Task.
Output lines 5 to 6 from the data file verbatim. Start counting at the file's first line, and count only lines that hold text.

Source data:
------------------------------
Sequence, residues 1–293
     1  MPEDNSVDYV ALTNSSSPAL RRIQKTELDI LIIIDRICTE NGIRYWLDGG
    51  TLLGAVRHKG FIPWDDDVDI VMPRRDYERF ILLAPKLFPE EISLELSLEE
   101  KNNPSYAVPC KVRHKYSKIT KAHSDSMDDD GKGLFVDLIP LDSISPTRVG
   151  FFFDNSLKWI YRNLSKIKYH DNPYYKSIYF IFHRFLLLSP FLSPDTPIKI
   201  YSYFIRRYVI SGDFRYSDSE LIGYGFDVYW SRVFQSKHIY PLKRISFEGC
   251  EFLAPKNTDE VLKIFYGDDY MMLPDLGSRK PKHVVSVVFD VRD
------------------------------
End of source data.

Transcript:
   151  FFFDNSLKWI YRNLSKIKYH DNPYYKSIYF IFHRFLLLSP FLSPDTPIKI
   201  YSYFIRRYVI SGDFRYSDSE LIGYGFDVYW SRVFQSKHIY PLKRISFEGC